It was at this time that Bodenheim established a pattern, which would remain until his violent death in 1954. That is, he had an odd sort of charisma that attracted women upon whom he could rely for free food, board, clothing, sex–all the while, he was legally married to Minna (until their divorce in 1938).

As Emily Hahn, author of an "informal history of bohemianism in America," put it in 1967, "Many a reporter is still living who can look back to Bogie's banner year, 1928, when it seemed for a while as if no week could pass without some distracted female trying to kill herself for the love of him."

She cites the case of 18-year-old Gladys Loeb, who briefly lived with Bodenheim. When he rejected her, she went back to her room, turned on the gas and, with a photograph of Bodenheim clutched in her arms, lay down to die. But the landlord saved her in time. Her father, a Bronx doctor, came to fetch her from the bohemian purgatory into which she'd fallen and swore vengeance against Max (who left town until the whole thing blew over). Next was Virginia Drew, an artistically inclined 22-year-old. When he rejected her, Drew threw herself in the East River and drowned. He had dismissed her poetry, which she had asked him to critique, as "sentimental slush."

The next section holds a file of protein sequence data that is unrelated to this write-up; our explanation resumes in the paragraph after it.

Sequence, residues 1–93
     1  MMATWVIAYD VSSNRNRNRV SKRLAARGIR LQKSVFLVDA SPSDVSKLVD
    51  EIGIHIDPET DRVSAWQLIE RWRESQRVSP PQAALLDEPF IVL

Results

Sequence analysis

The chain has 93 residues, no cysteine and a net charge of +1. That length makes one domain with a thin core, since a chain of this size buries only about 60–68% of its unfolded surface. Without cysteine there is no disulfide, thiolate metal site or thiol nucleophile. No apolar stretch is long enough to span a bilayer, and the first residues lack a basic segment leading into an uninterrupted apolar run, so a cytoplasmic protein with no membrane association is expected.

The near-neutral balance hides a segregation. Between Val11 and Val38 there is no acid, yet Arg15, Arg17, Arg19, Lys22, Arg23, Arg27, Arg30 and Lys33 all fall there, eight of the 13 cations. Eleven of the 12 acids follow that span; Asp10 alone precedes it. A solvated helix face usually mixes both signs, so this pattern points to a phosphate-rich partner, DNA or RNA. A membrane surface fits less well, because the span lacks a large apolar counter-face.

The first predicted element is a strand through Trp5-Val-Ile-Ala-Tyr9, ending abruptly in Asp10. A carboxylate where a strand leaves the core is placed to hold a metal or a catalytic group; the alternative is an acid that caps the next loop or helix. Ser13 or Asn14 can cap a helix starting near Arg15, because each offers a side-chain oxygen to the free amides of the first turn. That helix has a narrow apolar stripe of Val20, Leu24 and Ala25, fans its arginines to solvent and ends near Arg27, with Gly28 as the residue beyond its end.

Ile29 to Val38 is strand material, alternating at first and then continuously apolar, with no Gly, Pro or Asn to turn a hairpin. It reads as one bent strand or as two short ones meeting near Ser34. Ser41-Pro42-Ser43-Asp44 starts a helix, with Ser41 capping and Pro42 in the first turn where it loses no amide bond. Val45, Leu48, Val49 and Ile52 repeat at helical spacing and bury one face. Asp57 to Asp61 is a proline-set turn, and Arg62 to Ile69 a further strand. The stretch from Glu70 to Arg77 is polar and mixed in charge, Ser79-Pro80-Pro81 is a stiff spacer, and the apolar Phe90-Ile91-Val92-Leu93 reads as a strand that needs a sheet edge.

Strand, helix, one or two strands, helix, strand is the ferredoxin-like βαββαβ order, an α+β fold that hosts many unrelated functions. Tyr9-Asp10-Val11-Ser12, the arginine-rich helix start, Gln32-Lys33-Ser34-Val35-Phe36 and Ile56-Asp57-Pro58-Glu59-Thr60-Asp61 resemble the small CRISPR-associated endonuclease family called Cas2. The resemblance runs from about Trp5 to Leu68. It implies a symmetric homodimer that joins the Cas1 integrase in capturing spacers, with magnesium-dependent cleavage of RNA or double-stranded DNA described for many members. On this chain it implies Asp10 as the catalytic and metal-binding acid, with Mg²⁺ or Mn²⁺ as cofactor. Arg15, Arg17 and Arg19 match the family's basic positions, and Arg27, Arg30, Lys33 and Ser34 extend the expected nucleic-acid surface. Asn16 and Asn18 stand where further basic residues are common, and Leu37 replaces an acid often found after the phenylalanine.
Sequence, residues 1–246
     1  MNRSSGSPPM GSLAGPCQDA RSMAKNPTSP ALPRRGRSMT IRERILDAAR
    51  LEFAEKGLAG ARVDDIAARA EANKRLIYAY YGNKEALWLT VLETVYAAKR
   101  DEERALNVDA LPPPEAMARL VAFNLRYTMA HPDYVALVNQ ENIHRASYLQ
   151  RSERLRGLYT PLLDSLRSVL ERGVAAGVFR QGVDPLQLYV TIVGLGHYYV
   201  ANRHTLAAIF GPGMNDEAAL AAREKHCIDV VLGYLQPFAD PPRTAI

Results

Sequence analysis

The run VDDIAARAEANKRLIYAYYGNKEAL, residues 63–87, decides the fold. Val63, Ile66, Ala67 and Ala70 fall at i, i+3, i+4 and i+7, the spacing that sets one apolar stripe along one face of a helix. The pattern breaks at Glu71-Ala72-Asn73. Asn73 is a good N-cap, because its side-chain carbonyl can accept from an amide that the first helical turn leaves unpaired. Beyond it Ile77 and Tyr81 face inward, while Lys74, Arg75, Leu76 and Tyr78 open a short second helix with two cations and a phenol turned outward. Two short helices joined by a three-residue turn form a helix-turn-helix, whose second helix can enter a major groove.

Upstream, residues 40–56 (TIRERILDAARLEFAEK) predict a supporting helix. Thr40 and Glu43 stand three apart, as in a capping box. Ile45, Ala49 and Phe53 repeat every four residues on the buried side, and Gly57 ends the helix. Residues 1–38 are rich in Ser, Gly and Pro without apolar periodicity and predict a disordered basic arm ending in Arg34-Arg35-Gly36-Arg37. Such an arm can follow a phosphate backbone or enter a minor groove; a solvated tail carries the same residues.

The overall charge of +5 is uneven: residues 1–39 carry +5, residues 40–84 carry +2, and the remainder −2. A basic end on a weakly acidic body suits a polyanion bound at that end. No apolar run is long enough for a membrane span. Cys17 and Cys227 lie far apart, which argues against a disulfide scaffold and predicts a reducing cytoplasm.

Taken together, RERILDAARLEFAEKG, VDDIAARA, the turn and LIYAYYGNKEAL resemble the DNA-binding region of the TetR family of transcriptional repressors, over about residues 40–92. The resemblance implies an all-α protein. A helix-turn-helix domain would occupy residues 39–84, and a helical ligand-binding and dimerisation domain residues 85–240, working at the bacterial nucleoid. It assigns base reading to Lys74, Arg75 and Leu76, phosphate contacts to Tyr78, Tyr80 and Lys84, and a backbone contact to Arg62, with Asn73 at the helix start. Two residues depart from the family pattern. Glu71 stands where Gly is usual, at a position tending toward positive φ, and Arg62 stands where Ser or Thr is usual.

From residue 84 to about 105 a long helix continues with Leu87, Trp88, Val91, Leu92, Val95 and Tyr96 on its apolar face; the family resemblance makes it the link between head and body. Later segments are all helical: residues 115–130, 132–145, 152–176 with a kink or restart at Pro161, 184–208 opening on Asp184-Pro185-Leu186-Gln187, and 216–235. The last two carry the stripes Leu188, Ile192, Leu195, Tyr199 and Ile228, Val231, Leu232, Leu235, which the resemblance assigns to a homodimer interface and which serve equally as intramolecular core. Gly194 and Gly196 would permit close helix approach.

Soon after, a woman named Aimee Cortez, a mentally imbalanced Village "character" known for her nude dancing at parties, decided to emulate Gladys Loeb. She turned on the gas, clutched a photograph of Bodenheim to her heart and died. A fourth jilted woman, carrying several of his letters, was killed in a subway crash.

From photographs of him taken at this time and even into the 1930s, it's obvious that Bodenheim had a certain dissipated sexiness. Most images of him in the papers were of a hollow-cheeked, slick-haired cock of the walk. In some photographs, Max Bodenheim is almost a double for Pat Riley or young Michael (or Kirk) Douglas.

* * *

Though his antics and excesses were legendary, Max was amazingly prolific for one whose personal habits leaned toward dissipation. He followed Minna and Myself (praised by the likes of Carl Sandburg, Conrad Aiken and William Carlos Williams) with several more well-received volumes of poetry, including Advice (1920), Introducing Irony (1922), The Sardonic Arm (1923), Against This Age (1925) and Returning to Emotion (1926). His was the perfect poetic backdrop for the profligate Jazz Age, especially in America's largest and culturally most important city. Still, Bodenheim was unknown outside bohemian or avant-garde circles. This lack of popularity did constant battle with his buoyant sense of himself as a suffering genius.